Land Parcel Extraction using Edge Detection model

  • 🔬 Data Science
  • 🥠 Deep Learning and edge detection

Introduction

High-resolution remote sensing images provide useful spatial information for plot delineation; however, manual processing is time-consuming. Automatically extracting visible cadastral boundaries combined with (legal) adjudication and incorporation of local knowledge from human operators offers the potential to improve current cadastral mapping approaches in terms of time, cost, accuracy, and acceptance.

This sample shows how ArcGIS API for Python can be used to train a deep learning edge detection model to extract parcels from satellite imagery and thus more efficient approaches for cadastral mapping.

In this workflow we will basically have three steps.

  • Export training data
  • Train a model
  • Deploy model and extract land parcels

Necessary imports

Input
import os, zipfile
from pathlib import Path

import arcgis
from arcgis import GIS
from arcgis.learn import BDCNEdgeDetector, HEDEdgeDetector, prepare_data

Connect to your GIS

Input
gis = GIS("home")
ent_gis = GIS('https://pythonapi.playground.esri.com/portal')

Export land parcel boundaries data

Training data can be exported by using the Export Training Data For Deep Learning tool available in ArcGIS Pro as well as ArcGIS Image Server. The training data consisted of polyline buffered feature class with a 'class' attribute. For this example, we prepared training data in Classified Tiles format using a chip_size of 400px and cell_size of 20cm in ArcGIS Pro.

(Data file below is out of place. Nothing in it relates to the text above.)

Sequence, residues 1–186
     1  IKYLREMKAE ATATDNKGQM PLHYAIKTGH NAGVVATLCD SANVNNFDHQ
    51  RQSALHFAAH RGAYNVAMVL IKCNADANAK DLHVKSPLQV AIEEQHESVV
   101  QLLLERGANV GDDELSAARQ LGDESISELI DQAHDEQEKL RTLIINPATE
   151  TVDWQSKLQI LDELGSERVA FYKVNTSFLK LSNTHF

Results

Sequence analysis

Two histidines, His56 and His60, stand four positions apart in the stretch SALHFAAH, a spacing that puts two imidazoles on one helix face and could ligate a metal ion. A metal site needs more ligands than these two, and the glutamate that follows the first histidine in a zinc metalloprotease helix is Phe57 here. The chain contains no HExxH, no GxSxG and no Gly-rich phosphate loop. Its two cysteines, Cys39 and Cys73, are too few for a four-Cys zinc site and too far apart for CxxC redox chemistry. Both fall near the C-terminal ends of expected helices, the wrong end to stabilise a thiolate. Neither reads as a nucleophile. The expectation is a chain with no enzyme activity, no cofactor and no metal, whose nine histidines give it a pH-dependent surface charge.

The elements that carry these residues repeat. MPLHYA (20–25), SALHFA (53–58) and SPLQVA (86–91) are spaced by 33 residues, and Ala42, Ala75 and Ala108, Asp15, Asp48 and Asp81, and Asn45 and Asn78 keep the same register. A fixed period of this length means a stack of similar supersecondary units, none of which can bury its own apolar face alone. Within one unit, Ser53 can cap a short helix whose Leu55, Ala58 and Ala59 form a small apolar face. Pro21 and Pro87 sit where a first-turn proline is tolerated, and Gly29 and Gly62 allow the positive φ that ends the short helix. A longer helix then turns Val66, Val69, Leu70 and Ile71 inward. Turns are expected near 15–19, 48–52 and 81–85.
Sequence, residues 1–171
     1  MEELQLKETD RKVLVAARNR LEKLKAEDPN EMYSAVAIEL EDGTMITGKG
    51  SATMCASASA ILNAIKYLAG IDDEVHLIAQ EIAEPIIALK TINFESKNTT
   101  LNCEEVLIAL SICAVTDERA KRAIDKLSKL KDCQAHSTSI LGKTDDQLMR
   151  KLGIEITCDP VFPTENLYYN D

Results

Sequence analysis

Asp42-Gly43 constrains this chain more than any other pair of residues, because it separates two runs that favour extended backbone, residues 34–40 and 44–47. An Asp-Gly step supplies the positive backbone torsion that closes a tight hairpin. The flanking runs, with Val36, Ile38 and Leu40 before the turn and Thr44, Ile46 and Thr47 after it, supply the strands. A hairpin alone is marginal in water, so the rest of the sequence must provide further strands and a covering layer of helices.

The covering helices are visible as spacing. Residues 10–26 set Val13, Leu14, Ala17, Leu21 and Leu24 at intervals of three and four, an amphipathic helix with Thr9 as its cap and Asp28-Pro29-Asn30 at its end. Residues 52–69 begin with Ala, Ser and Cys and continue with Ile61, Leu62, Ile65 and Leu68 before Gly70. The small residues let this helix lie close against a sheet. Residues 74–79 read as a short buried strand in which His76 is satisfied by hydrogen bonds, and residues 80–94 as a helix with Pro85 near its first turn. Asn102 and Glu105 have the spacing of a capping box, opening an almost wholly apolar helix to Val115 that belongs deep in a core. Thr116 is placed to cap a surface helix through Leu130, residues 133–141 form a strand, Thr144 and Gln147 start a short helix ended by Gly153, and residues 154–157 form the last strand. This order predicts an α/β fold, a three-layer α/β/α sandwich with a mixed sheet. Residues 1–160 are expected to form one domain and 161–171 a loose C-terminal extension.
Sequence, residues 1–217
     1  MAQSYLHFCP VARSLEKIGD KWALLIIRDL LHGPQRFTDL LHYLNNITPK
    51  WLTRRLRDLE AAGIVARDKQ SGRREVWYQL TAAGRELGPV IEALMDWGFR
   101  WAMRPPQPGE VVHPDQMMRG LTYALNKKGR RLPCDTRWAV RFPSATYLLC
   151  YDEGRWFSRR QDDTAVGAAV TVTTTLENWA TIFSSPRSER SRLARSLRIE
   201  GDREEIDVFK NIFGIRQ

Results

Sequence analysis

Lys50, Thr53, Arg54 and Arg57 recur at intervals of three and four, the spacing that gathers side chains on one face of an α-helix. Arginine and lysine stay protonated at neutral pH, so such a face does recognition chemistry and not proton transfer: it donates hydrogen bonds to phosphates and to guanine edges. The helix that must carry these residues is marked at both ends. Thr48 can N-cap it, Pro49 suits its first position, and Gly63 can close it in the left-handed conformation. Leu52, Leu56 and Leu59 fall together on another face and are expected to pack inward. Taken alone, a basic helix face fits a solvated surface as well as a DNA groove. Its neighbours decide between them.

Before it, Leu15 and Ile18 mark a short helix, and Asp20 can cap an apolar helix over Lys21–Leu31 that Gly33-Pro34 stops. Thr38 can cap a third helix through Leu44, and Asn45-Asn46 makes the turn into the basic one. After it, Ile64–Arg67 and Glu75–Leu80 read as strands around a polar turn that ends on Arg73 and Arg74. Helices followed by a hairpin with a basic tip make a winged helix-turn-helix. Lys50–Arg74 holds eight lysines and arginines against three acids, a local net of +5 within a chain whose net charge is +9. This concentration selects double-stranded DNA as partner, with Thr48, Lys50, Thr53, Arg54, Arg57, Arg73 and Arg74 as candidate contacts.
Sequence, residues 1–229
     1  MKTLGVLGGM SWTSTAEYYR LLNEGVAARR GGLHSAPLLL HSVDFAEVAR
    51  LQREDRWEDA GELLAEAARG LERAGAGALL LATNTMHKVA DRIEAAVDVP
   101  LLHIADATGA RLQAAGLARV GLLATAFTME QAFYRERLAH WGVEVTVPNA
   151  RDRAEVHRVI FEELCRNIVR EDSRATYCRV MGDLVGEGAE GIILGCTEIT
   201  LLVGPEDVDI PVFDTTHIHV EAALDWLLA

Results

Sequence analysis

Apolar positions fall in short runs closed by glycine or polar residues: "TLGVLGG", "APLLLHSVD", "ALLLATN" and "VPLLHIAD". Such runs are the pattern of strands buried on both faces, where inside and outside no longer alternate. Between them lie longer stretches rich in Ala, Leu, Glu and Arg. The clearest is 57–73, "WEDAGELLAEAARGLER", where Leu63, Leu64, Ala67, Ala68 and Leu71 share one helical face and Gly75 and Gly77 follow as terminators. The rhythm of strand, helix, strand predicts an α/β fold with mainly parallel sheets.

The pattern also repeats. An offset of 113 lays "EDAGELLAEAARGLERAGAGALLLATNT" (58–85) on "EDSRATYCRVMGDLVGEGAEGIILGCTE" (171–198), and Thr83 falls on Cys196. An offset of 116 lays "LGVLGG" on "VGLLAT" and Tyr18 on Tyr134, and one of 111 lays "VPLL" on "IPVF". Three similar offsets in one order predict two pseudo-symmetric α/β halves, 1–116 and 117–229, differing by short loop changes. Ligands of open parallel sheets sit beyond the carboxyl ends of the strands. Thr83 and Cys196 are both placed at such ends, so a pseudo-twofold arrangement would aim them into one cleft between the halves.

• Input Raster : Esri World Imagery
  • Input Feature Class or Classified Raster : buffered polyline with class attribute
  • Class Value Field : field in the attributes containing class
  • Tile Size X & Tile Size Y : 400
  • Stride X & Stride Y : 128
  • Reference System : Map space
  • Meta Data Format : Classified tiles
  • Environments : Set optimum Cell Size, Processing Extent

Raster and parcels data used for exporting the training dataset are provided below

Input
training_area_raster = ent_gis.content.get('8202ffe4fcaf4ba9bfefe2154f98e7b8')
training_area_raster
Output
train_area_edgedetection_tif
Training area raster for exporting training dataImagery Layer by api_data_owner
Last Modified: January 15, 2021
0 comments, 1 views
Input
parcel_training_polygon = gis.content.get('ac0e639d6e9b43328605683efb37ff56')
parcel_training_polygon
Output
Parcels training data edge detection model